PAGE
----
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812 workers from five city agencies in Boston are put on unpaid leave because they haven't been vaccinated

812 workers from five city agencies in Boston are put on unpaid leave because they haven't been vaccinated

812 city employees from public facing agencies were placed on unpaid leave after missing Tuesdays deadline for getting vaccinated or agreeing to undergo regular and repeated COVID-19 tests, according to city officials.

At a public appearance in Roxbury on Wednesday, Acting Mayor Kim Janey said the measure affects employees of five city departments that are included in the first phase of the vaccination or testing requirement for city workers. Boston Public Schools, BostonPublic Libraries, the Boston Center for Youth and Families, The Disability Commission, and the Age Strong Commission are the five departments.

We want to protect our workers, and we want the public that we serve, Janey said. So we will continue to work to ensure that this mandate is fulfilled, said Mr.

According to the city, 175 of the 812 workers placed on leave had filed paperwork to comply with the order by the end of day Wednesday, submitting either proof of their vaccine or negative test results. 637 of those employees are still on unpaid leave pending proof of their compliance, according to a spokeswoman.

The largest of the five departments is Boston Public Schools, which employs 11,000 people, including teachers, bus drivers, buses monitors, and school janitors. Other city agencies have earlier compliance deadlines, according to Janey. In total, the city employs 18,000 people.

Despite requests from the Globe, neither the city nor the school district provided a breakdown of the number of employees on unpaid leave in each agency. A spokeswoman said more detailed data was not available due in part to privacy concerns and in partly because the processing of verifications isn't automated.

We are putting together operational plans to ensure that we continue to provide the services that our residents deserve, Janey said.

In an e-mail to Xavier Andrews, a BPS spokesman, said the system has no significant disruptions to daily district operations.

Wednesdays morning bus performance on Wednesday showed little delay, matching the previous day, Andrews said, with 99 percent of buses arriving within 15 minutes of the start of school and 100 percent arriving in 30 minutes.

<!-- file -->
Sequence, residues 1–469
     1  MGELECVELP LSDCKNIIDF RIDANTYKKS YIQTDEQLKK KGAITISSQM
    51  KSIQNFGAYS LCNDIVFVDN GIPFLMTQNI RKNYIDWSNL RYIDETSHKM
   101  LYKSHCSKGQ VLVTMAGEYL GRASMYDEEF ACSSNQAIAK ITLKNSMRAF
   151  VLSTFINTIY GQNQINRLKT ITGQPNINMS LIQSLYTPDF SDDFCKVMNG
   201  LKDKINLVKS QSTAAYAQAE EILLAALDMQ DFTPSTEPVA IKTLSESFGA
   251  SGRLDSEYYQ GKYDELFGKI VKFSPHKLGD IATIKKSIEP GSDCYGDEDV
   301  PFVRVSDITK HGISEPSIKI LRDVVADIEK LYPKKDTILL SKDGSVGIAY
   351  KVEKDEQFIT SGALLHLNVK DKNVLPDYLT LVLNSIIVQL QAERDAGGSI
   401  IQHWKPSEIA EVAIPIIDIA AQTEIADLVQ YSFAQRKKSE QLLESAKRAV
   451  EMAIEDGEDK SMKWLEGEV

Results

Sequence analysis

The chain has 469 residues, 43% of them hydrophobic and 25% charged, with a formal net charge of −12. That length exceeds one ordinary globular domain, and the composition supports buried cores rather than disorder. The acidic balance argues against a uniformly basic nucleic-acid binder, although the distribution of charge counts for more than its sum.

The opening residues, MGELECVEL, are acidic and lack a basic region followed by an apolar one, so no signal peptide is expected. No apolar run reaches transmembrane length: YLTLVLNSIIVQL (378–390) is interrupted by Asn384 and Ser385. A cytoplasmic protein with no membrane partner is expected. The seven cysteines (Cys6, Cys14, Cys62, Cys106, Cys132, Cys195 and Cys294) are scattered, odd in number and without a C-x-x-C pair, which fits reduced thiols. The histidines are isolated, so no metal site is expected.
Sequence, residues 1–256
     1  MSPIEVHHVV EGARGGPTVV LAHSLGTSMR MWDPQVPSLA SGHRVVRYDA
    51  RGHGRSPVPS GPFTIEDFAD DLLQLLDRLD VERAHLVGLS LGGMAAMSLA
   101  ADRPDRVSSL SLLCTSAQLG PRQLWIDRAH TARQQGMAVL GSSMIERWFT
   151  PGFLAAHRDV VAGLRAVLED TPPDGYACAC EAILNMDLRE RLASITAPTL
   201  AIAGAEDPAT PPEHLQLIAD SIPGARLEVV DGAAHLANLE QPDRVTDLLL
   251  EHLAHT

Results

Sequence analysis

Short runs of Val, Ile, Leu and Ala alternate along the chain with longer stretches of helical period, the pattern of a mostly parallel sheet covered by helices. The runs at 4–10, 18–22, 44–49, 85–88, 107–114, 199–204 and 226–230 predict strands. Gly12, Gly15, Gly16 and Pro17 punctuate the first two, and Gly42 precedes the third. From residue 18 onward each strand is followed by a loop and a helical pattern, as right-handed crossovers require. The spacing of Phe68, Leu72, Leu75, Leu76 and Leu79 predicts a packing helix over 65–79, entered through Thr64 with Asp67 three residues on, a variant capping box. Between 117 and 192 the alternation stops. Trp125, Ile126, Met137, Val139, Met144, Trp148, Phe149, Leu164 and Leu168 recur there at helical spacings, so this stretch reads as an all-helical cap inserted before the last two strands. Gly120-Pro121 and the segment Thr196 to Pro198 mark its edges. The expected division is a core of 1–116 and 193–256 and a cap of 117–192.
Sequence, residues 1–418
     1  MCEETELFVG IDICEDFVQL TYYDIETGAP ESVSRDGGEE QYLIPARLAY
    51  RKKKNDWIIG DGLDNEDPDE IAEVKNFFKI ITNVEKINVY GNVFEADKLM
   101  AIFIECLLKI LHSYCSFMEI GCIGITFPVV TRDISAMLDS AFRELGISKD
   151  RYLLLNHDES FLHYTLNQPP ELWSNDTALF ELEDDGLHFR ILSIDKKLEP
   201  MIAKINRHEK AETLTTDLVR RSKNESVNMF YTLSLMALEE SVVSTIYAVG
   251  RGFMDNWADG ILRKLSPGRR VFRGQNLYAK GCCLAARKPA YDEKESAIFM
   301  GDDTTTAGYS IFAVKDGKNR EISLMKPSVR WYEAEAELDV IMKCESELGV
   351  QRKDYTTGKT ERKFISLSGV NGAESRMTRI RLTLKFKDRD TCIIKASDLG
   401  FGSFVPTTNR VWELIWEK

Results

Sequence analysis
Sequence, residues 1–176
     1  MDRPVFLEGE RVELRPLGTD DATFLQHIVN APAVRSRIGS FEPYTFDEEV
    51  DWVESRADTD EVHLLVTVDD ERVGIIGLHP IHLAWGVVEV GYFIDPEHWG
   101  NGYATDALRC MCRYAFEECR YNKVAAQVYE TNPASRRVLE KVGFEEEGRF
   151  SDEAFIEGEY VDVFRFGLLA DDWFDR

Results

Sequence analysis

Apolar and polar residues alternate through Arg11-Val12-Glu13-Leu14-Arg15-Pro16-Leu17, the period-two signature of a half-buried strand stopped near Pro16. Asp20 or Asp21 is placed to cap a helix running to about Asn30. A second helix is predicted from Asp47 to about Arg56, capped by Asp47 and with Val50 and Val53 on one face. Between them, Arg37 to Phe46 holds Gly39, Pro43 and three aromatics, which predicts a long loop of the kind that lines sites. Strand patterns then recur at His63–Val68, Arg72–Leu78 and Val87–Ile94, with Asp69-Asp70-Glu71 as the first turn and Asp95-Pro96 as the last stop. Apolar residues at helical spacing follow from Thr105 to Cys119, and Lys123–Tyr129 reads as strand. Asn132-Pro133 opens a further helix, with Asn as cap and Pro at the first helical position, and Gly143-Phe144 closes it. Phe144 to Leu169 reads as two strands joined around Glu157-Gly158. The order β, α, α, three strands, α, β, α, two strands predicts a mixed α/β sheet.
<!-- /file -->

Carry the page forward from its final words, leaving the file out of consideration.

Separately, the Boston Teachers Union president said that close to 99 percent of its teachers are either vaccinated or have agreed to undergo the testing program. The union said that the compliance rate for paraprofessionals and applied behavior analysis specialists is 84,4 percent.

According to its website, the BTU also represents school nurses, psychologists, guidance counselors and substitute teachers, but the union did not provide compliance rates for those employees. On Wednesday, the leaders of the Boston school bus driver's union could not be reached.

We are pleased to report that nearly 99% of our teachers have successfully met the vaccine and testing requirements, Jessica Tang, the BTU's president, said in a statement. To ensure that people have access to life-saving vaccinations, the union has established a recurring vaccine clinic at our union hall in Dorchester, the statement added.

City employees who refuse to participate in the COVID-19 safety program will be fired, according to Janey.

The objective of the vaccine verification process, obviously, is to have as many employees vaccinated as possible, and that's what she emphasizes. The number [of refusals] is falling each day, which is a testament to all of the work that our team is doing to ensure that people have access to the testing that individuals, certainly can choose to get vaccinated.

Last Wednesday, the administration revealed that 1,400 city workers had not presented evidence they had been vaccinated or had agreed to participate in routine COVID-19 testing as part of the effort Janey announced Aug. 13 to combat the highly contagious virus.

Since then, almost 600 have complied, leaving 812 people without their regular paychecks, city officials said.

Leaders of the teachers union said they will continue to assist members who need assistance verifying their status, whether as a vaccinated person or if they elect to participate in the testing program.

School district officials are also continuing to work to assist workers, with COVID-19 testing at bus yards and schools, and frequent vaccination clinics. The district has had dozens of such clinics in recent weeks, according to Andrews, the BPS spokesman, while also sending reminders to employees about the vaccination mandate and deadline. The district translated verification forms into Spanish and Haitian Creole, and sent workers to its central kitchen and other work hubs to collect paper copies of vaccine verifications in person.

Our compliance rate is steadily increasing, he added.

Jeremiah Manion of the Globe Staff contributed to this article.

John R. Ellement is a global communications professional who can be reached at john.ellement@globe.com. Follow him on Twitter @JREbosglobe. Jenna Russell can be reached at jenn.russell@globe.com. Follow her on Twitter @jrussglobe and follow her at @JrusSglobE.

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